Racial Segregation During The Postwar City : An Explosive History Essay

Racial Segregation During The Postwar City : An Explosive History Essay

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The United States’ government had always had a hand on our country’s housing market. From requiring land ownership to vote, to providing public housing to impoverished families, our government had become an irremovable part of the housing market. The effects of these housing policies can affect American residents in ways they might not even recognize.
In his article, “Race and Housing in the Postwar City: An Explosive History,” Raymond Mohl focuses on suburbanization and racial segregation in post-World War II America. Due to discriminatory practices in the housing market, Mohl believes there were actually two housing markets in America, one for white people and one for black people. Many African American families were unable to find their own home, thanks to the color line and limited African American housing, forcing them to share a home with another family, and sometimes, families. This lead to the government feeling the need to intervene with the Housing Act of 1949, though the act didn’t solve the problem of the dual housing market, and other urban development policies. Mohl believes that these government policies lead to both “magnified the patterns of racial segregation,” and “triggered racial transitions and neighborhoods turnover,’ (13). Urban renewal policies effectively moved many African American families out of the inner city by condemning and destroying housing that did not live up to sanitary and housing codes, leading the black middle-class to look towards white transitional areas. As for the lower-class, they moved into the newly built public housing that took the place of housing destroyed through urban renewal. To Mohl, these governmental policies are what “solidified black ghettoization,” by keeping p...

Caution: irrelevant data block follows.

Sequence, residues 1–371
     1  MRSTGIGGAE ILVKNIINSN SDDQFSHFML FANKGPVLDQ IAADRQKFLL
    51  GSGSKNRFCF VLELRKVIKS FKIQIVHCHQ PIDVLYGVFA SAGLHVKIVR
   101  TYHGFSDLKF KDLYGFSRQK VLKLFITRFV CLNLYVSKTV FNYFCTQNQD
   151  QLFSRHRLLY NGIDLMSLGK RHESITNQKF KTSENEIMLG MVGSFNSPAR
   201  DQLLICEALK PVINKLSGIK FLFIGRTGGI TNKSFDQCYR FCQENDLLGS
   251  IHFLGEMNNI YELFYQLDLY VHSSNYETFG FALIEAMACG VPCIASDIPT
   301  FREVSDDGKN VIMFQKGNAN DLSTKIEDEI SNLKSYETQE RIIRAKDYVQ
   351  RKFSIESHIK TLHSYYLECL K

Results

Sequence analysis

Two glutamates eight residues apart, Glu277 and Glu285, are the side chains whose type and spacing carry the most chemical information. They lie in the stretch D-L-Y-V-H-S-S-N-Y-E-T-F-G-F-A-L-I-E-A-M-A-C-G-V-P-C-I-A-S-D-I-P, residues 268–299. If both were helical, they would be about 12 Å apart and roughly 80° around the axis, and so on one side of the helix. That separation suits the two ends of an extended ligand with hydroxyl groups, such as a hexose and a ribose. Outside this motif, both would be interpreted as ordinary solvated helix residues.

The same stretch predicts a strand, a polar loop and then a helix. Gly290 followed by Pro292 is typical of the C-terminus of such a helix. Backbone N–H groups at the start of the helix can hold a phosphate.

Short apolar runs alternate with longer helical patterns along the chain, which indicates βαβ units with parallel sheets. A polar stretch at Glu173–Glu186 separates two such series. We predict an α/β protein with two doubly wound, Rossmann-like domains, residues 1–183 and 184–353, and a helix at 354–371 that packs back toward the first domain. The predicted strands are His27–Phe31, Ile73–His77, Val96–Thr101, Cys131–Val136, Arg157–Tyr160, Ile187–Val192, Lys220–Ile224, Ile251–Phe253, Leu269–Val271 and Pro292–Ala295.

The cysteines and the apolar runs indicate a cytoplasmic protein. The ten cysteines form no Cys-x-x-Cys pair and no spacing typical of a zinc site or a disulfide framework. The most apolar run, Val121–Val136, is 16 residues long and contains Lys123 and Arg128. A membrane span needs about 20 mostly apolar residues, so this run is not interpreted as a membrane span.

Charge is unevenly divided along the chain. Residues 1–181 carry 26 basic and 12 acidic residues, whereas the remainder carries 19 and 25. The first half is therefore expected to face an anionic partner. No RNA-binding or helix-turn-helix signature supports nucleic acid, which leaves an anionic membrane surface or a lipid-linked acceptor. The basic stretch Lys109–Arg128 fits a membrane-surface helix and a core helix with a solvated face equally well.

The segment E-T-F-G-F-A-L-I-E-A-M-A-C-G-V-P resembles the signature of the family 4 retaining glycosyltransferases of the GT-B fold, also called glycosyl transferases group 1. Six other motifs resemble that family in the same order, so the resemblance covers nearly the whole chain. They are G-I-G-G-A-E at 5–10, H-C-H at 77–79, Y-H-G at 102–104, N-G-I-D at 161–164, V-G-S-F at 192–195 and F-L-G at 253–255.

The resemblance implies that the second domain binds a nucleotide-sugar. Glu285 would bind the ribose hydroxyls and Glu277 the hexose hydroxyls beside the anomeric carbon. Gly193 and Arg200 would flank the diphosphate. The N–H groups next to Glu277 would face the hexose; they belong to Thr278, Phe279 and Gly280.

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...e turning point for the New Orleanian public’s view of public housing, stating that public housing proceeded with little opposition (455). However, even with little opposition, Gonzalez-Perez implies that public housing still could not escape the grasp of political hinderance. She acknowledges the fact that although New Orleans had historically mixed residences, public housing increased the racial segregation in the city, due to there being separate projects for whites and blacks. Gonzalez-Perez notes that the white projects maintained higher vacancy rates than the black projects, and through her research, feels this was due to white residents having better employment opportunities as well as white projects having a more desirable location. Overall, Gonzalez-Perez concludes that due to the political wars, public housing policies in New Orleans was doomed to fail.

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